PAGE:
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As vaccines bring the promise of a return to normalcy, restaurants look ahead to what the future holds. Internationally renowned chef and restaurateur John Folse and Stan Harris, President and CEO of the Louisiana Restaurant Association, join Chris Kane for a discussion about how the restaurant industry is looking beyond COVID and how the $28.6 billion Restaurant Revitalization Fund will play a role in recovery efforts.

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Transcript and Show Notes

Christopher Kane: Welcome to season two of Boom! presented by Adams and Reese. I'm your host, Chris Kane. Today we're going to be talking all things restaurants and, obviously, discussing COVID and COVID response. Got two excellent guests with us today in two separate segments. First, we have Stan Harris, the president and CEO of the Louisiana Restaurant Association, and he's also a board member of the National Restaurant Association among a thousand other things that you do, Stan. We really do appreciate having you. In our second segment, we're going to have Chef John Folse.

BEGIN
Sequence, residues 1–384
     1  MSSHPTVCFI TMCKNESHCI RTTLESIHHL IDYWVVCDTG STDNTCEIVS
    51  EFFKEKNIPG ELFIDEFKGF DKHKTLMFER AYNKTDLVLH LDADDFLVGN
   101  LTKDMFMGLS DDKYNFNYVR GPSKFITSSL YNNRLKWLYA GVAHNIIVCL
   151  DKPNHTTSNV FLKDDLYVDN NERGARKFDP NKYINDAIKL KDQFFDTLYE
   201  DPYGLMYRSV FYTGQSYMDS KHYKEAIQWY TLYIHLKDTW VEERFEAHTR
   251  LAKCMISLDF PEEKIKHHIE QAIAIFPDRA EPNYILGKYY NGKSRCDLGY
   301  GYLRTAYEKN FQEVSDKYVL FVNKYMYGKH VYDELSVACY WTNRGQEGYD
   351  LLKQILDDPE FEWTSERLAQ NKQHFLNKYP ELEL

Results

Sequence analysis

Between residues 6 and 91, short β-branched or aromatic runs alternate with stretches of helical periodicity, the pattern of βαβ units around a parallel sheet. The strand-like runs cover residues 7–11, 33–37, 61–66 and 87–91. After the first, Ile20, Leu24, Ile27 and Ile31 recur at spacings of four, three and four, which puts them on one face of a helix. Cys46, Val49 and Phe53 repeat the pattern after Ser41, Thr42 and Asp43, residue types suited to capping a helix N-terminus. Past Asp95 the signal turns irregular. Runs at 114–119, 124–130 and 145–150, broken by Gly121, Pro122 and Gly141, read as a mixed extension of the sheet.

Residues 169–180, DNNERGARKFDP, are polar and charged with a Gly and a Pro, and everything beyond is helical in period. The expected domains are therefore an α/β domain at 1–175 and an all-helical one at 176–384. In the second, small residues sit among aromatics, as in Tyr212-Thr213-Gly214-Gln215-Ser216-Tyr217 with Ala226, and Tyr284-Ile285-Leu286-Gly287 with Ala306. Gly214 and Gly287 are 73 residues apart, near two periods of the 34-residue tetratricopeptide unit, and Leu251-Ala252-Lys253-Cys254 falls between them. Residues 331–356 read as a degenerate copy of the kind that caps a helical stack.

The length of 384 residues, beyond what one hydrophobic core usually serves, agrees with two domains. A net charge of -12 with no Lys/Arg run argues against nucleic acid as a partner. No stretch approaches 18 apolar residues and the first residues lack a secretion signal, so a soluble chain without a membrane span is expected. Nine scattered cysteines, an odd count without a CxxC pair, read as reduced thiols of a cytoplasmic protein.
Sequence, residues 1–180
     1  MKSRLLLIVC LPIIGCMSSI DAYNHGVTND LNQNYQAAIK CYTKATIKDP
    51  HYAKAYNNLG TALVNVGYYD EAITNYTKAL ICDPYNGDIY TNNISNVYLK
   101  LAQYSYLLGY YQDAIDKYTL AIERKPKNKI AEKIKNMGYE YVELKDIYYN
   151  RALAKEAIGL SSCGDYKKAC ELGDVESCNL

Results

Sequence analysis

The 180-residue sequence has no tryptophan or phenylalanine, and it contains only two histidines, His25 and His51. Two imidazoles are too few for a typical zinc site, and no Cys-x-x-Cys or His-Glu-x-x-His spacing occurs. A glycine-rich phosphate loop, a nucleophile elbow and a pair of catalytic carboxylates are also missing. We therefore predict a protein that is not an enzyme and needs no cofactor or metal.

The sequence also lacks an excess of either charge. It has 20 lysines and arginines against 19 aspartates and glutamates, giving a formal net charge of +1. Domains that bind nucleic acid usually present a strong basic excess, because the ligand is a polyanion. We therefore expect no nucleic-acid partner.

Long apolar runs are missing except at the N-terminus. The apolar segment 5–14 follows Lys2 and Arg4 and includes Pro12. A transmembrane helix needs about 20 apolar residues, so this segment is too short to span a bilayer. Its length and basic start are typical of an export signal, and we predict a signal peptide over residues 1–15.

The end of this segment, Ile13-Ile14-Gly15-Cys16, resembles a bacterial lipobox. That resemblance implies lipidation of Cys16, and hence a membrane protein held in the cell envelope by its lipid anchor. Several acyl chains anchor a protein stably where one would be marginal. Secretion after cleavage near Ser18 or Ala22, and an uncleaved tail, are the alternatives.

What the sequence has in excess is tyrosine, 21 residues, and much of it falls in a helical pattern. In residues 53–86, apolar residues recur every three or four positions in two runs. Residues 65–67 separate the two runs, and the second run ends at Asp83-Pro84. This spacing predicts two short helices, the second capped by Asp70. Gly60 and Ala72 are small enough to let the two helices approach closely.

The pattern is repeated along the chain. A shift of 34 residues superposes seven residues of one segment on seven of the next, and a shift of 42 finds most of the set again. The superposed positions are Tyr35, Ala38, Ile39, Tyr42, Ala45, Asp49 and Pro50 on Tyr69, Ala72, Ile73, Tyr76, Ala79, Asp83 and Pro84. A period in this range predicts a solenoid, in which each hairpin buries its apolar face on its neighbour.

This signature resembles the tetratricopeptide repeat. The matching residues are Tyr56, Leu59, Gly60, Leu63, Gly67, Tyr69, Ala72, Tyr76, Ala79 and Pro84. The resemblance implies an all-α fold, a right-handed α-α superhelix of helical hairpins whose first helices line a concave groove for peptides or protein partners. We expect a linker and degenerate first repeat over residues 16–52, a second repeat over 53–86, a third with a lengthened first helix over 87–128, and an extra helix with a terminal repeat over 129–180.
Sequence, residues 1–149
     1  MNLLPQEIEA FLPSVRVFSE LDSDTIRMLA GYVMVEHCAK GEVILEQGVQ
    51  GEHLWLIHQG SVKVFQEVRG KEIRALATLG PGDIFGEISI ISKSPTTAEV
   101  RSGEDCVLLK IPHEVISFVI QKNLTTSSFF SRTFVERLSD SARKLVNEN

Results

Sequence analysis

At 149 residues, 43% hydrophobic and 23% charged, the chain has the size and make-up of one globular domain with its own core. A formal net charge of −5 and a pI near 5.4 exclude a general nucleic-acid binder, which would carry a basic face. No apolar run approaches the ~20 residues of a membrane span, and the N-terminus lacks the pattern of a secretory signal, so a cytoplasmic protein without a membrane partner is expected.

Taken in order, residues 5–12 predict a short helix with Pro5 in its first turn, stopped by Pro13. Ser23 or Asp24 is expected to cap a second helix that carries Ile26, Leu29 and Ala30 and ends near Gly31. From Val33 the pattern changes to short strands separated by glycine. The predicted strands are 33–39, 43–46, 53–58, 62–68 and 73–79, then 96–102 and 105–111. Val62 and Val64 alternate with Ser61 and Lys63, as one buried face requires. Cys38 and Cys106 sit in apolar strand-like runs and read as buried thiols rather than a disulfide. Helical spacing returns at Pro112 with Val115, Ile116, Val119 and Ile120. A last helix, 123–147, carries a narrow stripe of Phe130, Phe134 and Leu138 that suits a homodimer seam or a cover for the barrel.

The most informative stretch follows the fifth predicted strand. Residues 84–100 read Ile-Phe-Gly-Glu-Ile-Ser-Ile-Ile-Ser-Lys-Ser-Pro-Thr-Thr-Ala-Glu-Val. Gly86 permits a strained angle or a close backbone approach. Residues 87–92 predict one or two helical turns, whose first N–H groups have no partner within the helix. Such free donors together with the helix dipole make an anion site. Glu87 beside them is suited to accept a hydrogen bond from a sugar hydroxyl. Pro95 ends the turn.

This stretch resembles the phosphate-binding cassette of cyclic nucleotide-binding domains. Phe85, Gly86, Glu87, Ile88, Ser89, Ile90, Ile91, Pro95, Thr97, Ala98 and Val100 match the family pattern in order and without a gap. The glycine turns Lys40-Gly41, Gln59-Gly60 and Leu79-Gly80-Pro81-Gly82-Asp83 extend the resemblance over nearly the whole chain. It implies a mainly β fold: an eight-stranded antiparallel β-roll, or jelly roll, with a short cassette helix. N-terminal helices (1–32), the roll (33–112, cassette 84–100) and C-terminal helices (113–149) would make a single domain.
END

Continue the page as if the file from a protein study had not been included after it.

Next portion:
Stan, tell us what the Louisiana Restaurant Association is doing and how you guys are playing such an instrumental, important role in the COVID-19 response.

Stan Harris: Thanks, Chris. Our role is really to protect and advocate on behalf of the restaurant and foodservice industry in Louisiana. That's what we do. That's our mission that we focus on every day. And as COVID became much more of a reality about a year ago, we had to decide how we were going to approach this. And we decided we would do two or three things very quickly. One is we would pivot all of our information to COVID. The second is that we would make it free to anybody. We want to expand the access to that information. And the third thing is we had to constantly find sources to update it because getting fresh information as this was developing was really important for people making decisions about their business.

Unfortunately, when we went through the safer-at-home part and businesses had to close dine-in and our bars had to close and the rest of it, we were fortunate enough that some of the regulatory things were set aside. So we could at least have a little revenue stream from alcohol service and things like that that weren't allowed typically before COVID hit. So we've had some relief, but at the same time, it hasn't been a recovery of any magnitude, especially in the full service.

Christopher Kane: Well, as we're sitting here today, we're basically one year removed from when the shutdowns began to happen. You know, the sense that I have – in this last week, I was able to travel to Phoenix for work and getting vaccinated tomorrow. Everybody you're talking to is – you know, you're hearing about them getting shots, and things feel like we're really getting to a point where we're opening.